Yet another crisis week.
The usual thing: a time in which I crawl into my shell, pull myself off all social networking sites, send texts and e-mails I don’t mean, throw the baby out with the bath water, because life just seems easier without having to deal with emotions. Or people.
A time in which I remember being nine years old and opening the cream tea-set I had been given as a birthday present and wishing that all my party guests would quickly go so that I could play with it.
A time in which we went to the sea-side as a family and the greatest joy was my first sighting of the slim silver of sea in the distance; the smell of salt; the rush of warm sand between my toes.
But, as Ecclesiastes 3 said much better than anyone ever did: There is a time for everything.
Not many people know that I was once a Baptist lay preacher. At one point in my life, I was going to enter the church full time. Now, I regard that period as an emotional stumbling block, as I do most religions (Buddhism remains, for me, the only logical belief), but especially Christianity. I wholeheartedly embrace the notion that people can believe whatever they want to believe to enable them to get by; the man in the sky is just not for me (do watch Ricky Gervais’s masterpiece The Invention of Lying; there is no better movie about the deception of belief).
So, where do you go in a crisis without religion as your backer? Ironically, there are still great lessons to be learned from the Bible (Be nice to people! DUH!), but to me they are philosophical ones, which is why I found myself turning again to the Book of Ecclesiastes after thinking that this was another moment that I like to call “just life”: There is a time to weep and a time to laugh, and this was just another weepy time.
It’s a bit of a strange passage, though, nonetheless. I’m not happy about the “time to kill and a time to heal” bit, nor the “time for war and a time for peace” – killing and war never having been high on my agenda. I also would never embrace the idea that there is “a time to search and a time to give up”, because I am not, nor will ever be, one of life’s giver-uppers.
The existential crisis of mankind (to me – you can choose your own) is the battle between what we want and what we can’t have: our expectations, versus those expectations not being met. Our expectations (personal or professional) come from our parenting and society at large; their not being met from our frustration at not being able to fulfil them, for whatever reason. Call me Socrates (without the beard; and the suicide bit, obviously).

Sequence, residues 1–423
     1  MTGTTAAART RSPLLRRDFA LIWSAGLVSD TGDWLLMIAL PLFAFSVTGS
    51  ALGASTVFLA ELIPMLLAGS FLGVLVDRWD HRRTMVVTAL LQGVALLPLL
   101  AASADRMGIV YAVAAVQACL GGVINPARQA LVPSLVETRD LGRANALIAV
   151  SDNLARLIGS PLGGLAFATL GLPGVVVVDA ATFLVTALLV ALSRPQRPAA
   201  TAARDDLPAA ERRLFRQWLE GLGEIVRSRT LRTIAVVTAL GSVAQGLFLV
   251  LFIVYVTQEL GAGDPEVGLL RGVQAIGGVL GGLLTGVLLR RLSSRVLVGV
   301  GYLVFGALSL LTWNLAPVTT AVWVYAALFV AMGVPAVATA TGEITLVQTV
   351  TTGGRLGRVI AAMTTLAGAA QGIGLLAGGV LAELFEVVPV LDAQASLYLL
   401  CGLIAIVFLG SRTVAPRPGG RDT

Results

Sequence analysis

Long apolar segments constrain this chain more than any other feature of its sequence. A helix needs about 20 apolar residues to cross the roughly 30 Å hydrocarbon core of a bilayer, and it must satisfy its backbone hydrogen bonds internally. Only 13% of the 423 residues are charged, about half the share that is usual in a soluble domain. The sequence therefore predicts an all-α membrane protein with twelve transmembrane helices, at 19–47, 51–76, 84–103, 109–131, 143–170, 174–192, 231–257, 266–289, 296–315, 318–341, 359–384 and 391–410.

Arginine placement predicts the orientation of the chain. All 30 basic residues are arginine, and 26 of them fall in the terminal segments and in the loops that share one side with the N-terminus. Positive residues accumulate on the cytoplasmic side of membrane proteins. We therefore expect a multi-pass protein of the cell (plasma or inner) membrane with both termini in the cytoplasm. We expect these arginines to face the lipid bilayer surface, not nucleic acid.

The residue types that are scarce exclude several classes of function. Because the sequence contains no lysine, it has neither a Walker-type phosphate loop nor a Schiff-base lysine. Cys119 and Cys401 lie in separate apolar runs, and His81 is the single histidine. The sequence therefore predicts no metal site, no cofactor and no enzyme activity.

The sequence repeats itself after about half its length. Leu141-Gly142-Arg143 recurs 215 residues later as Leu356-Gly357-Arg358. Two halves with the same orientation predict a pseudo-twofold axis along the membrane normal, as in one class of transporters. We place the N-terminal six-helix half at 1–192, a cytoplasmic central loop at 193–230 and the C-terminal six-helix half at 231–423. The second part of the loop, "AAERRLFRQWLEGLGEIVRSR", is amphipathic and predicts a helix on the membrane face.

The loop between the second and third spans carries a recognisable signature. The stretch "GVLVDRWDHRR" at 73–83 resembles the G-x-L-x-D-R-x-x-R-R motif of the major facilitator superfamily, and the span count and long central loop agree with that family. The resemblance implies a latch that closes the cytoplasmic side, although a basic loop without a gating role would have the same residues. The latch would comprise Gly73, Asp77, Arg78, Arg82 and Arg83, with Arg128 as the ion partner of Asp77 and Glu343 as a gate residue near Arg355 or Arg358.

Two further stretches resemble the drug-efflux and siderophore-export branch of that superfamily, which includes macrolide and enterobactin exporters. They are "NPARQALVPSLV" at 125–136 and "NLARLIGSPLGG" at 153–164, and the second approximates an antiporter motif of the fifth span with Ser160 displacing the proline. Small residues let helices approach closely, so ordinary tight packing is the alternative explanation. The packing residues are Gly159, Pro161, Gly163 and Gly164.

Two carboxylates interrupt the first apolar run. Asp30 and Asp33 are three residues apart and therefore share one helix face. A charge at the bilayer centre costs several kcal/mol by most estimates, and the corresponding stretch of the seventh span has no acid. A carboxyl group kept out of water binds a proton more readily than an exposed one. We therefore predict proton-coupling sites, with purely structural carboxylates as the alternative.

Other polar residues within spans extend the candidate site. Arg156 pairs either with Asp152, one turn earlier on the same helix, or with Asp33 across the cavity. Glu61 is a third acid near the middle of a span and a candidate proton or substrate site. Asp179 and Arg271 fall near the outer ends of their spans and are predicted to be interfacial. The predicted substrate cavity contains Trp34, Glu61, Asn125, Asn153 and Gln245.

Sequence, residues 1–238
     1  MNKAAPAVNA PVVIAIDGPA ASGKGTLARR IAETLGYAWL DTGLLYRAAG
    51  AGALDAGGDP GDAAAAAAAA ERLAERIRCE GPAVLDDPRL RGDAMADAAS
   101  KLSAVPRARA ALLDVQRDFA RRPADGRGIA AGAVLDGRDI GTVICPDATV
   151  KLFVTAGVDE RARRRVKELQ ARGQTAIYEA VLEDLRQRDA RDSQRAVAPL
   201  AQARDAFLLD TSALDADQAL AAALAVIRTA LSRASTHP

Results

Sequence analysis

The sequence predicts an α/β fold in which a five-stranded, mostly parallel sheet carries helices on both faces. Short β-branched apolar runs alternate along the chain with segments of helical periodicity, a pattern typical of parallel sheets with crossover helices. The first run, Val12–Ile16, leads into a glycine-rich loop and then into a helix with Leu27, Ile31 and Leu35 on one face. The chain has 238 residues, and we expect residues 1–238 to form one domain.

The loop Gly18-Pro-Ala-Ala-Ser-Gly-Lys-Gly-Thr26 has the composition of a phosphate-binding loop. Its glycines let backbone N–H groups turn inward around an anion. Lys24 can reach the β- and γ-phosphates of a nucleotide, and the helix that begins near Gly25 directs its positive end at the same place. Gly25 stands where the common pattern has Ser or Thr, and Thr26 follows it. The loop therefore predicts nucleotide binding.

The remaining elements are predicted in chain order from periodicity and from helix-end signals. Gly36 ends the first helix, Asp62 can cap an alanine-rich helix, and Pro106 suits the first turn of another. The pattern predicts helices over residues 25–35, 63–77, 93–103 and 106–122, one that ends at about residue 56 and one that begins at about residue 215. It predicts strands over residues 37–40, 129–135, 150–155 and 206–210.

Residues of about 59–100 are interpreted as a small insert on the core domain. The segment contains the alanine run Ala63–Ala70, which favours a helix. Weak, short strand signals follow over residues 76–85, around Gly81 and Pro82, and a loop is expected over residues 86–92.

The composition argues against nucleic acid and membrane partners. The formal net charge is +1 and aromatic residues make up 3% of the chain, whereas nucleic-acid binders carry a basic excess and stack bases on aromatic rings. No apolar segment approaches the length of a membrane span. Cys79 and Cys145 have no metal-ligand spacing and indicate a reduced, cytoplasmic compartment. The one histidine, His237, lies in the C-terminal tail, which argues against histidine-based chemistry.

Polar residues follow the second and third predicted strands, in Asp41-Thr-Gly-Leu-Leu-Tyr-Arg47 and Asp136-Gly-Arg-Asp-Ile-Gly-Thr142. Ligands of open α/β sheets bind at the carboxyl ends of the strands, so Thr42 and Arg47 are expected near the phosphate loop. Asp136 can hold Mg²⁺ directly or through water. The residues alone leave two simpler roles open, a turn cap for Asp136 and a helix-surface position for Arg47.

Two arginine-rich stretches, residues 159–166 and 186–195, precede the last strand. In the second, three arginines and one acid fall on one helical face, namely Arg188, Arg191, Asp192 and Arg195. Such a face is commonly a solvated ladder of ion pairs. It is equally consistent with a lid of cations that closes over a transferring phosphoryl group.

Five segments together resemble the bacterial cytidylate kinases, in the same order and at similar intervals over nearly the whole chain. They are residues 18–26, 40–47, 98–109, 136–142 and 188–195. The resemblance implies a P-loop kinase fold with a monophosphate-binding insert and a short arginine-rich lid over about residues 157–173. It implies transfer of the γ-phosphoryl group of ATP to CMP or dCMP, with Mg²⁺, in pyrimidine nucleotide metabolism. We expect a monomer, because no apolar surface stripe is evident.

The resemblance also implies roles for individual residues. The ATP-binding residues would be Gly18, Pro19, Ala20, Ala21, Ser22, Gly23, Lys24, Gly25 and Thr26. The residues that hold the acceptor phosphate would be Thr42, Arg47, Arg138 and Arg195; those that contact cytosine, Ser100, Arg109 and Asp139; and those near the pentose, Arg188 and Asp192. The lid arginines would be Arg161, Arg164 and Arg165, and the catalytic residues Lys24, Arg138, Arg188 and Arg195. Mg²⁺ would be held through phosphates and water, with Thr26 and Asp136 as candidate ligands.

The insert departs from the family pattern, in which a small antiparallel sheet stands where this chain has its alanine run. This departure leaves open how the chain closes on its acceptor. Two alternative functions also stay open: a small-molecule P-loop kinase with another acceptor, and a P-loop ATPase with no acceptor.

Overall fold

Let’s look more closely at a few more of these statements.
“There is a time to be born and a time to die”: the former is easy; the latter, horrendous (which is why people need the construct of religion and the notion of “everlasting life” to help them deal with the thing they cannot acknowledge as fact i.e. That’s it, mate. Its over. Nada).
A time to plant and a time to uproot. I have spent most of my adult life uprooting. For most people, their planting is marriage and children, and I would not deny anyone the joy that those two things can undoubtedly bring. I just never met the right seeds; just managed to purchase some awesome hoes.
A time to mourn and a time to dance. Yes, I get that. Just try telling that to the Irish at a wake.
A time to embrace and a time to refrain from embracing. Nope. Throw your arms around that guy while you can.
A time to tear and a time to mend. I have a tendency to self-destruct. It’s really a time I could do without.
A time to be silent and a time to speak. Yep. Usually that moment when you say “What do you mean, the bar’s closing? It’s only 4am.” That’s when you really need to shut the eff up.
A time to love and a time to hate. No, there is never a time to hate.
One of the things I have learned during my weeks of existential crisis (excuse the melodrama; I’m a writer. Live with it) is that it is always a time to love. I have, as always, been overwhelmed by the outpourings of love and support, many of them from complete strangers, on social networking. I haven’t gone into the details of what brought the latest meltdown into being, and nobody probed me for the reasons why.
I don’t know myself. The actions I take during these times are symptoms, not causes. I don’t believe in the man in the sky, but maybe, as Ecclesiastes says, we are tested so that we may see we are “like the animals”. In the end: “Everything is meaningless. All go to the same place; all come from dust, and to dust all return.”
So, in that brief time we have from dust to dust, we might as well enjoy love. Yes, love.
There is always a time to love.